So thank you, Mr. Martin.
anipendragon:

jpbrammer:

George R. R. Martin everyone.

My favourite thing about this gifset is that George R. R. Martin acknowledges both of these methods without insulting or dismissing the other. He is a fantastic writer and I know that some other fantastic writers swear by their methods and discount the others, which can be really disheartening as a young writer. Hearing him describe both of these methods without dismissing the other makes me very, very happy, as I am very much an architect and I always get so sad when every writer I look up to is like “NO PLANNING. PLANNING BAD. WRITERS DONT PLAN.”
So thank you, Mr. Martin.
anipendragon:

jpbrammer:

George R. R. Martin everyone.

My favourite thing about this gifset is that George R. R. Martin acknowledges both of these methods without insulting or dismissing the other. He is a fantastic writer and I know that some other fantastic writers swear by their methods and discount the others, which can be really disheartening as a young writer. Hearing him describe both of these methods without dismissing the other makes me very, very happy, as I am very much an architect and I always get so sad when every writer I look up to is like “NO PLANNING. PLANNING BAD. WRITERS DONT PLAN.”
So thank you, Mr. Martin.
anipendragon:

jpbrammer:

George R. R. Martin everyone.

My favourite thing about this gifset is that George R. R. Martin acknowledges both of these methods without insulting or dismissing the other. He is a fantastic writer and I know that some other fantastic writers swear by their methods and discount the others, which can be really disheartening as a young writer. Hearing him describe both of these methods without dismissing the other makes me very, very happy, as I am very much an architect and I always get so sad when every writer I look up to is like “NO PLANNING. PLANNING BAD. WRITERS DONT PLAN.”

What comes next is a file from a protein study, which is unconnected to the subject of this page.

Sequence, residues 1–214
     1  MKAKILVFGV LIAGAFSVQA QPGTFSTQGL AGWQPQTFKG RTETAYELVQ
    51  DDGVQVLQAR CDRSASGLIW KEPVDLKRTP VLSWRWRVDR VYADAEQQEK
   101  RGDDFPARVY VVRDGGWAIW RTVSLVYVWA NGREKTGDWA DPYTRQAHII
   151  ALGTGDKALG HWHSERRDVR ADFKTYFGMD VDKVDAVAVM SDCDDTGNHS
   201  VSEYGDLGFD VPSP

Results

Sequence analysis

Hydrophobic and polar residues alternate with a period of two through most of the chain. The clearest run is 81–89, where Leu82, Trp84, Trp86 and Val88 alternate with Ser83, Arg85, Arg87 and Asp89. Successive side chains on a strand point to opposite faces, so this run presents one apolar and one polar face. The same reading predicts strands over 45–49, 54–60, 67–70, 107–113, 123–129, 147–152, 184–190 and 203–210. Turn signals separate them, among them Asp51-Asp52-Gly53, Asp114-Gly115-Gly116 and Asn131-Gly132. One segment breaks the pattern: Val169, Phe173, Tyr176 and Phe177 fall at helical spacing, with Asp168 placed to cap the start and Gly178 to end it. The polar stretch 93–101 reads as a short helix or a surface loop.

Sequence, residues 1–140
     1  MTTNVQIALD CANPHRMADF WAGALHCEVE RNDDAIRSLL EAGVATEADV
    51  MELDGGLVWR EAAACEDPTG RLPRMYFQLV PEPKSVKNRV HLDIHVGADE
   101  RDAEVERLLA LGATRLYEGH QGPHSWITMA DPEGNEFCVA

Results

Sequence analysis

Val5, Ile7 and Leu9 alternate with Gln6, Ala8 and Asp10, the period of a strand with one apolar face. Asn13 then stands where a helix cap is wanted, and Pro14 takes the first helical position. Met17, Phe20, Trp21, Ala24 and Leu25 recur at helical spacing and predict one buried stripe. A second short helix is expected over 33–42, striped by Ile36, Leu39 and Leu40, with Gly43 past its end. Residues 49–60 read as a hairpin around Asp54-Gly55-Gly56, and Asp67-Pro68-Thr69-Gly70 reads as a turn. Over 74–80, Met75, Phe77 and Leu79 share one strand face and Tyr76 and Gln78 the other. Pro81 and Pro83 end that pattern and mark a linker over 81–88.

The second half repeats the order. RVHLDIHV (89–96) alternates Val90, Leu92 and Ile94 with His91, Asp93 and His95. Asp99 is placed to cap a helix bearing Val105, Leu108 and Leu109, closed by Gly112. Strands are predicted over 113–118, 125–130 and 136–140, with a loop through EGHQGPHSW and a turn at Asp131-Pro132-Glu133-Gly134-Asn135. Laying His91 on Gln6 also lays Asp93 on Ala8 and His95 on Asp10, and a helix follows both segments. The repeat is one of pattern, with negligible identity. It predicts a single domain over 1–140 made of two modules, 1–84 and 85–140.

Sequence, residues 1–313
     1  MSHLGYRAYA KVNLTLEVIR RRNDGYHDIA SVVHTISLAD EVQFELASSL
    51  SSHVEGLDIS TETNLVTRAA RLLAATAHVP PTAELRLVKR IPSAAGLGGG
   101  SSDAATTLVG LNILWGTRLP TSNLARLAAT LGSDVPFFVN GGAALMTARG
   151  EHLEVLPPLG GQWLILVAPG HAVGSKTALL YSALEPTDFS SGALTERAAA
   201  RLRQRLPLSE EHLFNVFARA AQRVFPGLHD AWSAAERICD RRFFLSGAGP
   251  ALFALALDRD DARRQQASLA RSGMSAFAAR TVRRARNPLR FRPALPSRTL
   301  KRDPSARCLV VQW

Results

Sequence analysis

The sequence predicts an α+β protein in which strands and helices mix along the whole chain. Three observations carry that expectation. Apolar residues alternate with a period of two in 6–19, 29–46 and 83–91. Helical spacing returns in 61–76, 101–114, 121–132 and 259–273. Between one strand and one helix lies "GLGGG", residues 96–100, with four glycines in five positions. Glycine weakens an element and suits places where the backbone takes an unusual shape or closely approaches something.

So thank you, Mr. Martin.
anipendragon:

jpbrammer:

George R. R. Martin everyone.

My favourite thing about this gifset is that George R. R. Martin acknowledges both of these methods without insulting or dismissing the other. He is a fantastic writer and I know that some other fantastic writers swear by their methods and discount the others, which can be really disheartening as a young writer. Hearing him describe both of these methods without dismissing the other makes me very, very happy, as I am very much an architect and I always get so sad when every writer I look up to is like “NO PLANNING. PLANNING BAD. WRITERS DONT PLAN.”
So thank you, Mr. Martin.
anipendragon:

jpbrammer:

George R. R. Martin everyone.

My favourite thing about this gifset is that George R. R. Martin acknowledges both of these methods without insulting or dismissing the other. He is a fantastic writer and I know that some other fantastic writers swear by their methods and discount the others, which can be really disheartening as a young writer. Hearing him describe both of these methods without dismissing the other makes me very, very happy, as I am very much an architect and I always get so sad when every writer I look up to is like “NO PLANNING. PLANNING BAD. WRITERS DONT PLAN.”
So thank you, Mr. Martin.
anipendragon:

jpbrammer:

George R. R. Martin everyone.

My favourite thing about this gifset is that George R. R. Martin acknowledges both of these methods without insulting or dismissing the other. He is a fantastic writer and I know that some other fantastic writers swear by their methods and discount the others, which can be really disheartening as a young writer. Hearing him describe both of these methods without dismissing the other makes me very, very happy, as I am very much an architect and I always get so sad when every writer I look up to is like “NO PLANNING. PLANNING BAD. WRITERS DONT PLAN.”